Saturday, November 20, 2010

A Day To Remember by Stanley Klemetson

Bayou writers’ group conference,
A bridge to publication;
You were rewarded for your presence
On listening to their presentations,
Underdown, Goldstein and Coen

Words printed upon the page
Recorded for all to read;
Interesting stories to share,
Tall tales of fiction to hear,
Enthralled and entertained,
Relishing in the synergy,
Speakers energized us all.

Stanley Klemetson, Ph.D., is head of the Department of Engineering at McNeese State University. Most of his writing experience has been for technical publications and books. He served as editor for a college magazine and had previously worked with a publisher for a proposed text book on technical writing. One of his goals is to complete that task. Stan also serves on the Advisory Board for the Write to Excellence Center at McNeese and is taking a class on creative writing. He has started submitting works for contests and is currently working on several poems, short stories and a book.

NOTE: If you are interested in an evening critique group, contact Stan at
stanley.klemetson (at)

Sunday, November 14, 2010

Poetry Can, and Does, Matter by Jan Rider Newman

(Jan with poet Stella Nesanovich)

In an issue of the Atlantic in 1991 Dana Gioia asked: "Can Poetry Matter?" His article was the lead essay in his book Can Poetry Matter? Essays on Poetry and American Culture. If you have somehow or other missed that wonderful essay, please read it here. In summary, the answer is "Yes." Of course. It has to.

Speaking to a poet friend once, I wondered how people live without poetry. Many people, if asked, will probably answer, "Very well, thank you," but I think such an answer comes from lack of understanding what poetry, what all art, is about and is supposed to do for us.

Dana Gioia's philosophy of poetry, simply stated, is that it be accessible to everyone, not only college professors and intellectuals, but plumbers, farmers, homemakers, secretaries, and store clerks. Poetry won't get you out of debt -- ask a poet. A painting won't repair a troubled marriage. A novel won't keep a house out of foreclosure. One thing art will do is show us that we're not alone in our turbulent lives. Our feelings and our losses and gains aren't only our own. So often, if we bother to look, we see them in a poem like "The Lost Garden," a painting like "Girl with a Pearl Earring," or a novel like Cannery Row.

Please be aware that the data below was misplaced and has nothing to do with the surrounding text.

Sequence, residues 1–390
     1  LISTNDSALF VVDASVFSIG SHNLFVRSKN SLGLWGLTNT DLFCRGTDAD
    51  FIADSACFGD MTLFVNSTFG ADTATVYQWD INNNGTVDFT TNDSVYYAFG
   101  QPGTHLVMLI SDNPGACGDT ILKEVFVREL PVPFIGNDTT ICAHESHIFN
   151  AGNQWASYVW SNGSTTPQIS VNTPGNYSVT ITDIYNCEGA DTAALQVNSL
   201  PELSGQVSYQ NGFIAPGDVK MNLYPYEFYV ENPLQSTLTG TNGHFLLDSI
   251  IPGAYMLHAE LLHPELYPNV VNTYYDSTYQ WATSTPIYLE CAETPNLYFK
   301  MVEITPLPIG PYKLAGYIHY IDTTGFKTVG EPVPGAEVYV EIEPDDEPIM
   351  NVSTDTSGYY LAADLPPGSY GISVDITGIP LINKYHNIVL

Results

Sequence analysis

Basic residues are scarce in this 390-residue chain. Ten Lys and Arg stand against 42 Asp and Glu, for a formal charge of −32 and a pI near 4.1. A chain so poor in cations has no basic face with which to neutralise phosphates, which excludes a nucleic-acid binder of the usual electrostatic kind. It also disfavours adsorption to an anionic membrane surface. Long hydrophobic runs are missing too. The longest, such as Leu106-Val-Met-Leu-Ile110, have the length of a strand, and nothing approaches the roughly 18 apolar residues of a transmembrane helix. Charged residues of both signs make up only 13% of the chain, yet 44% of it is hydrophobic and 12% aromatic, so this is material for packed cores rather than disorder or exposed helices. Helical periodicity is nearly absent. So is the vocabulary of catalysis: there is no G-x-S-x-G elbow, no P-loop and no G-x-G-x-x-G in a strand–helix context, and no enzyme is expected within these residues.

Art doesn't enrich our pocketbooks; it enriches us. I think more people used to understand that. Educators used to grasp and base their teaching on that concept, so that students were prepared not only for the job market, but for life.

The best poetry doesn't live in an ivory tower. Give it a chance, and you'll find out. If you pick up a poem and find it too deep or too dull, put it down and look elsewhere. It doesn't matter if you like Shakespeare or John Donne or Joyce Kilmer. Give poetry a try and see if you get what I'm saying, and what Dana Gioia said better than I.

Jan Rider Newman is a published author whose poetry, short fiction, and nonfiction have appeared in the New Orleans Review, Louisiana Literature, Oasis Journal, Yellow Flag Press, and Sweet Tea and Afternoon Tales, a 2009 anthology. She earned an M.A. in English and an M.F.A. at McNeese State University. She is a contributor to The Best Damn Creative Writing Blog and owner/editor of Swamp Lily Review.

Sunday, November 7, 2010

My First Author Visit (The Good, The Bad, and The Ugly)

I recently experienced my first author school visit. It was a day long visit in which I was asked to speak to students in grades three through eight. It was in conjunction with their book fair taking place on campus.

Now, being a teacher for over thirty years, you would think this would come to me naturally right? WRONG!! I stayed away from teaching students with raging hormones all these years for a reason. I tend to gravitate to the ages where you still seem smart in their eyes and because you are their teacher they love you.

I wasn’t expecting to be asked to be a visiting author this quickly, but it came and I took advantage of the opportunity. Since my book is on a lower level than jr. high students would be interested in, I knew I better add something to my presentation or I would lose them for sure. I came up with something and had it approved by the school’s librarian and one of the eighth grade teachers who happens to be a friend of mine. It was ready to go. Two days before, I found out the presentation time was half the amount of time I was first told. So back to the drawing board I went to chip away at my presentation.

The day of the visit began with an unexpected fire drill and a relocation of where I was to make the presentation. That didn’t bother me. That’s how things go at schools sometimes and I was used to that thank goodness. I was nervous when I first began but soon became comfortable with speaking and really enjoyed it. I changed the presentation some with each age group who came to hear me speak. Even the teenagers gave their attention to my presentation.(Yes!)
At the end of the day, I survived my first author visit. I felt pure elation. It was one more thing on my bucket list I could check off if I actually had one.

I know this won’t be my last author visit. I actually have another one scheduled next month. I am going back to the drawing board to make my visits even more hands on and appealing to the students. I better work on making that bucket list too!

Peggy Clement is the author of a newly released children’s chapter book, Queen of the Castle and contributing author to an anthology, It’s in the Gulf. She is a member of Bayou Writers’ Group and Golden Triangle Writer’s Guild. She resides in Lumberton, TX.